The easiest way to understand blockchain is to think of it as a new way of storing information on a public or private virtual ledger owned by users (called nodes) on a network of blocks in a chain, or blockchain. Changes to that ledger, such as transfers of money or updates to a legal contract, are cryptographically verified and available to everyone in the network. Here are a few examples.

Blockchain solutions to sending money abroad will significantly reduce time and costs. Compliance and ID checks will be fulfilled automatically and authenticated by cryptographic signatures for participating banks connected through a blockchain network. Transactions will be settled in just a few seconds with an unalterable, transparent record for both banks.

When it comes to buying a home, blockchain will create a decentralized title registry. There will be a single, transparent version of a title, with changes only made after approval from everyone else. This eliminates fraud and costly paperwork involved with transferring titles.

Blockchain in everyday life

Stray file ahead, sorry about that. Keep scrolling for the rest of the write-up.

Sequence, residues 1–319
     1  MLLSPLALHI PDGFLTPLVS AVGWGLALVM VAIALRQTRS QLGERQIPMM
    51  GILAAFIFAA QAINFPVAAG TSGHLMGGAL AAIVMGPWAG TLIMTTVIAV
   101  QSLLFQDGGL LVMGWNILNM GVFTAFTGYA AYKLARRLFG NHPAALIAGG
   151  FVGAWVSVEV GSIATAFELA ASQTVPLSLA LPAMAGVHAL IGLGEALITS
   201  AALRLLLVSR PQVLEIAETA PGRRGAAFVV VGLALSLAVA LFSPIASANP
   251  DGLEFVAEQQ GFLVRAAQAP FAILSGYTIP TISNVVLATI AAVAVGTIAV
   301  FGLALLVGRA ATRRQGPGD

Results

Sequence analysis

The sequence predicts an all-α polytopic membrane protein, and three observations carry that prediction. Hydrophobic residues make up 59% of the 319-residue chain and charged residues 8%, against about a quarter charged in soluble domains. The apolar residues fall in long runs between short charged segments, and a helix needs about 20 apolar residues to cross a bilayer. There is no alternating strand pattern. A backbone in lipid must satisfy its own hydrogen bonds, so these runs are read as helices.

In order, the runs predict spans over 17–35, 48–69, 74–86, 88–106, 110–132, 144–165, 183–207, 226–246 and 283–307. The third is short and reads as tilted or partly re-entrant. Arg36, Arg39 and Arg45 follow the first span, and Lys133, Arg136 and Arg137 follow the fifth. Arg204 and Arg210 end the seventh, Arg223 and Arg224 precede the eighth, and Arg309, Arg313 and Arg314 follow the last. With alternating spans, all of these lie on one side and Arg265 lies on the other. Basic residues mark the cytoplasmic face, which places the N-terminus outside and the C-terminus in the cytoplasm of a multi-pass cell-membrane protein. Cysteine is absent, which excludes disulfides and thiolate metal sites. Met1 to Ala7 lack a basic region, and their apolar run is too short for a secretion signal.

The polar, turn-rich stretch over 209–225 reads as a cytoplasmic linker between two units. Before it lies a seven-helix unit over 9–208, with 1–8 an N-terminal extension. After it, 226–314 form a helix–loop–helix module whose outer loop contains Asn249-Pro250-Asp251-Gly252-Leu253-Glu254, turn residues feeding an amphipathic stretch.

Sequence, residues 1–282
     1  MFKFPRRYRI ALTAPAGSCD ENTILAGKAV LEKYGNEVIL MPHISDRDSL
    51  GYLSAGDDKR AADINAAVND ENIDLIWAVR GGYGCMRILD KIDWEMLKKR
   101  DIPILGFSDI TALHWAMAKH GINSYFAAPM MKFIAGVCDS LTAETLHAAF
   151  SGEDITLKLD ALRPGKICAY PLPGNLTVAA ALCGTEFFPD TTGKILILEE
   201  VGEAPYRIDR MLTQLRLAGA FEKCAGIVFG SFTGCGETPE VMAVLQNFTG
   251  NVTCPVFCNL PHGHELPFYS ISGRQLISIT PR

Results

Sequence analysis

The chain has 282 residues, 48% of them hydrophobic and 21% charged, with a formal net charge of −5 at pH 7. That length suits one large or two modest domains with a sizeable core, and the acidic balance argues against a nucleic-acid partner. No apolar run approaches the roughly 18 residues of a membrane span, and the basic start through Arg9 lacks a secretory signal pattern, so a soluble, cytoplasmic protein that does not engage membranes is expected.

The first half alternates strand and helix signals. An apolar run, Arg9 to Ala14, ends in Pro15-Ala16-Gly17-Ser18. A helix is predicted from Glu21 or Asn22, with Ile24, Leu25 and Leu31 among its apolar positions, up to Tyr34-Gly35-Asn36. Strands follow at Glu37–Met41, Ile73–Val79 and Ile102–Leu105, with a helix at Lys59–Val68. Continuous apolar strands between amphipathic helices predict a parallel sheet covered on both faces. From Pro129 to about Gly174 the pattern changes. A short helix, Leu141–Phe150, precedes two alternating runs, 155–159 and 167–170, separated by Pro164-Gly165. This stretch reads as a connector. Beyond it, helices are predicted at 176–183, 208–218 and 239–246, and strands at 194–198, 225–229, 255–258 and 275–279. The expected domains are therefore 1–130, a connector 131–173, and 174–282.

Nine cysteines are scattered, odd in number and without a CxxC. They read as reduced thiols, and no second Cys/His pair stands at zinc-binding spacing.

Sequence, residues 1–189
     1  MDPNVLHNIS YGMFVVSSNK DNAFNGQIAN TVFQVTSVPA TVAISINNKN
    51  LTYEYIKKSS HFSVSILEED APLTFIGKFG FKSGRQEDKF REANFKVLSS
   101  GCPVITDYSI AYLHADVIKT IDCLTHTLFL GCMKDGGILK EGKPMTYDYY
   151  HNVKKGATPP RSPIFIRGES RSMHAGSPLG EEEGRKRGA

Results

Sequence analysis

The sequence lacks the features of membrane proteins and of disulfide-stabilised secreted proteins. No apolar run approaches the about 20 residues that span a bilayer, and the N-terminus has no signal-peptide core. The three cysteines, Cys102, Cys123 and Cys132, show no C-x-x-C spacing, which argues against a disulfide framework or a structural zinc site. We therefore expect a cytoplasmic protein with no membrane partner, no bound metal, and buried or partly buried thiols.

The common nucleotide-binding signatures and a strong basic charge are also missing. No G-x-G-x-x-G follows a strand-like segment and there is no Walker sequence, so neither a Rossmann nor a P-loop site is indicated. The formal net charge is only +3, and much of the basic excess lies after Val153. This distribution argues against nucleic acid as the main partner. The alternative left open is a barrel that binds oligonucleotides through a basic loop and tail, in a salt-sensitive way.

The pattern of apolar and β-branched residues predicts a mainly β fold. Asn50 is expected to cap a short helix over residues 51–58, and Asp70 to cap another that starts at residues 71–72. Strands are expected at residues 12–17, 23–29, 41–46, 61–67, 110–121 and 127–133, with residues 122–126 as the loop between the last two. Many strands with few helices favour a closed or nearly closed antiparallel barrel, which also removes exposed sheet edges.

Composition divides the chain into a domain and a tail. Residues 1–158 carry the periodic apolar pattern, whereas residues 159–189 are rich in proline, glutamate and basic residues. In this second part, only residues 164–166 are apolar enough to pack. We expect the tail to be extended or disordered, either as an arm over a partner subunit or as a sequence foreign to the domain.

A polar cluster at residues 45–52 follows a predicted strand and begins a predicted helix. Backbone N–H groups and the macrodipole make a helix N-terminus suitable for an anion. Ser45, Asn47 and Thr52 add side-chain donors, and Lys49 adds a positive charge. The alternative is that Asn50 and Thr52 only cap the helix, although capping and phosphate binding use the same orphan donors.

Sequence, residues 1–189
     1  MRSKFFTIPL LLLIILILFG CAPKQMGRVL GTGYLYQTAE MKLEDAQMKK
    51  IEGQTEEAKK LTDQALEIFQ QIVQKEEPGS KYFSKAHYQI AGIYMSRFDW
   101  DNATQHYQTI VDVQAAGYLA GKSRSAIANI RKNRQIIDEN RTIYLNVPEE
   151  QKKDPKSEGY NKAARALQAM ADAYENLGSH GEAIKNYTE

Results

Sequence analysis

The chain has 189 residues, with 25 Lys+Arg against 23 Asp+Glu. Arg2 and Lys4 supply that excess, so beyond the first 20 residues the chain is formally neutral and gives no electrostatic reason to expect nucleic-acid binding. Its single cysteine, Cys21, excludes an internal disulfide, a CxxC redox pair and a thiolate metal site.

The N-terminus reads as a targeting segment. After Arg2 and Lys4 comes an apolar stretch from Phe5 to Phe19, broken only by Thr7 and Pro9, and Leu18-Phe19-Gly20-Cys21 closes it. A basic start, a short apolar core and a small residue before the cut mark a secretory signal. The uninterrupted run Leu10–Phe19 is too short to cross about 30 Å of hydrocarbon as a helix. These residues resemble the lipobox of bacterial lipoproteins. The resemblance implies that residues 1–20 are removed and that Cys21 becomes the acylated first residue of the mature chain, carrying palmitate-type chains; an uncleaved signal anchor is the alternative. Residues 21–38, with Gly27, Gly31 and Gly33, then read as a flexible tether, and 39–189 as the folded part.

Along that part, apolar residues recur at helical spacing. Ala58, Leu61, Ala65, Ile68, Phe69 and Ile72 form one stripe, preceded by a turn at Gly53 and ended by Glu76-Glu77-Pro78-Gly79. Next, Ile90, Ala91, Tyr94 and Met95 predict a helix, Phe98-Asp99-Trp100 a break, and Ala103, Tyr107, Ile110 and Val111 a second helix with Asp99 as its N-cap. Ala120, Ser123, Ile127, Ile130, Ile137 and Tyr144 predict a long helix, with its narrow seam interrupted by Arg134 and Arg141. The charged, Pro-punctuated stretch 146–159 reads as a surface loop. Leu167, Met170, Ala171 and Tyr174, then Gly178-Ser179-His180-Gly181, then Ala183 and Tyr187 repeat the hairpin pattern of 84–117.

Blockchain will make it easier to treat health problems by improving the accuracy and availability of your medical history. By creating an accessible, permanent blockchain record of ailments, allergies, and lifestyle factors, doctors will be able to quickly diagnose and treat you. And since it will be owned by you, verification will be automatic, effectively ending mistaken procedures or false identification

You will be in charge of your purchasing power since every stage of a product’s journey, from manufacture to shipping container to display for purchase, will be recorded and available to all stakeholders. It will create an open, transparent framework free from confusion and false disputes, ensuring the products you purchase are genuine.

In short, blockchain will eliminate traditionally complex and labor-intensive tasks done by middlemen, resulting in a cheaper, faster, and more transparent technological framework to do both public and private business.